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SyncThermology Blog

Lame, in pain, or just a niggle?

Monday, July 22, 2019  ‹ Back To Latest News List

Dogs and horses often find themselves under veterinary investigation due to lameness. Where a horse was fine one day and came in from the field ‘hopping lame, on 3 legs’ the next, or a dog jumped from the sofa, yelped and couldn’t take weight on a front leg. These would normally be described as acute lameness cases which in theory are straight forward to diagnose. 

But dig a little deeper and you might find that the animal had in fact been ‘not quite right’ for some time. Perhaps ‘taking the odd uneven step’, looking ‘a bit stiff’ or ‘slightly uncomfortable’ after a long walk or competition, or ‘not enjoying their work’ or exercise as they once were. Nothing in particular to cause concern, just a few niggles. 

These niggles were likely showing for days, weeks, months or even years before resulting in the acute lameness the animal is now presenting. In fact they might have been present for so long that they’re now considered normal. The niggles are subtle and likely to affect multiple areas of the body as the animal has been coping with them for so long. These niggles are signs of chronic dysfunction (you can interchange the words pain or lameness with dysfunction - they’re all the same)  and the longer it goes on, the harder it is to diagnose and treat.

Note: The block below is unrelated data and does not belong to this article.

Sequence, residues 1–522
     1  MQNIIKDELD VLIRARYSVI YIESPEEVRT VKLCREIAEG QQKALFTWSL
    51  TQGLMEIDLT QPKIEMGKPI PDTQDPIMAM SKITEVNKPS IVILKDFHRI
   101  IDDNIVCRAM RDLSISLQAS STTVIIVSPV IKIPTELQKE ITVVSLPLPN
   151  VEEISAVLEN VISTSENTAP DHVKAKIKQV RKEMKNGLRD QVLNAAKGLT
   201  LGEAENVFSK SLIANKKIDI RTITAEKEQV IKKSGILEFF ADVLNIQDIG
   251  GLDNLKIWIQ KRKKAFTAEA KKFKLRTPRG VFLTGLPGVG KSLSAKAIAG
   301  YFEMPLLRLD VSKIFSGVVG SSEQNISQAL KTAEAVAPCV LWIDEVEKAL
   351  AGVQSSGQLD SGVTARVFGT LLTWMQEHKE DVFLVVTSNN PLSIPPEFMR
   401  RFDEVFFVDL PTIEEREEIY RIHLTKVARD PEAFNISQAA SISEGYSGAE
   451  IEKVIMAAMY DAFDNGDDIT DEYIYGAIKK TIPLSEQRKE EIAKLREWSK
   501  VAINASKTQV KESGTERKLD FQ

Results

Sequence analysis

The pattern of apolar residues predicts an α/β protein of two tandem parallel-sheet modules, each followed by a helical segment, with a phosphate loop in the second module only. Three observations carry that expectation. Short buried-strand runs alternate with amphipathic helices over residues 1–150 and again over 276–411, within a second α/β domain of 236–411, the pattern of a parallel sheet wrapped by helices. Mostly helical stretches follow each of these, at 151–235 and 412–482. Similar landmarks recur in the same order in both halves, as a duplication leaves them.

As a nation we’re used to ignoring chronic pain. We’re encouraged to ‘not make a fuss’ or self medicate with painkillers (which just block the feeling of pain rather than solve the problem). The longer a niggle persists, the more we learn to live with it. We manage them today, ignoring the cumulative effect they will have tomorrow. 

Athletes are different. They know that to perform at their best they need to prevent injuries. They monitor and treat any little niggle before it turns into something more serious. They understand that prevention is better than cure.

Physiological testing has the unique ability to identify changes taking place within the body as a result of injury or disease potentially before they would show up on other modalities that look at changes to structures such as x-ray, MRI or ultrasound. In fact, with regular monitoring, we can identify changes before acute lameness or signs of chronic pain are evident giving you the opportunity to intervene sooner for a better outcome. 

Our perception of what lameness is needs to change. Lameness is pain and dysfunction. We need to  monitor for dysfunction regularly and be prepared to intervene, manage and/ or treat early to keep our animals healthy and happy for longer.